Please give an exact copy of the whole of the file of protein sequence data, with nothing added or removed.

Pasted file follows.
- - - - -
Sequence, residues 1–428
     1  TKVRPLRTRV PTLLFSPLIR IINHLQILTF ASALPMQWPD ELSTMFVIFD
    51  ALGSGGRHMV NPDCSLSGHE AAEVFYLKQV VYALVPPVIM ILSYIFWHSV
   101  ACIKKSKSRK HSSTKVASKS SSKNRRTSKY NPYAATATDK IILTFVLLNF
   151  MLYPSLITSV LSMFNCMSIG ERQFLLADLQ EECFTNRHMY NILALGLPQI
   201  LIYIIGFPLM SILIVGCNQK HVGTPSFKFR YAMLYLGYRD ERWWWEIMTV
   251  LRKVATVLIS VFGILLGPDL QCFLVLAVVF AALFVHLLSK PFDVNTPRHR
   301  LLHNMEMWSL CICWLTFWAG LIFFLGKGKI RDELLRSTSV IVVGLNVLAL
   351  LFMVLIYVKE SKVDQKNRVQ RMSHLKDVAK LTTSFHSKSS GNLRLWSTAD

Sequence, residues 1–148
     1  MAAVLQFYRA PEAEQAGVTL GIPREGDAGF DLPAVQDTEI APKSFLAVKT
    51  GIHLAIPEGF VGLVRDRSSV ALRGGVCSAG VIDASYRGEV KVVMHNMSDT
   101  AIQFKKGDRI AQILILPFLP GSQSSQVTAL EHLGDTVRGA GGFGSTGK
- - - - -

Sequence, residues 1–428
     1  TKVRPLRTRV PTLLFSPLIR IINHLQILTF ASALPMQWPD ELSTMFVIFD
    51  ALGSGGRHMV NPDCSLSGHE AAEVFYLKQV VYALVPPVIM ILSYIFWHSV
   101  ACIKKSKSRK HSSTKVASKS SSKNRRTSKY NPYAATATDK IILTFVLLNF
   151  MLYPSLITSV LSMFNCMSIG ERQFLLADLQ EECFTNRHMY NILALGLPQI
   201  LIYIIGFPLM SILIVGCNQK HVGTPSFKFR YAMLYLGYRD ERWWWEIMTV
   251  LRKVATVLIS VFGILLGPDL QCFLVLAVVF AALFVHLLSK PFDVNTPRHR
   301  LLHNMEMWSL CICWLTFWAG LIFFLGKGKI RDELLRSTSV IVVGLNVLAL
   351  LFMVLIYVKE SKVDQKNRVQ RMSHLKDVAK LTTSFHSKSS GNLRLWSTAD

Sequence, residues 1–148
     1  MAAVLQFYRA PEAEQAGVTL GIPREGDAGF DLPAVQDTEI APKSFLAVKT
    51  GIHLAIPEGF VGLVRDRSSV ALRGGVCSAG VIDASYRGEV KVVMHNMSDT
   101  AIQFKKGDRI AQILILPFLP GSQSSQVTAL EHLGDTVRGA GGFGSTGK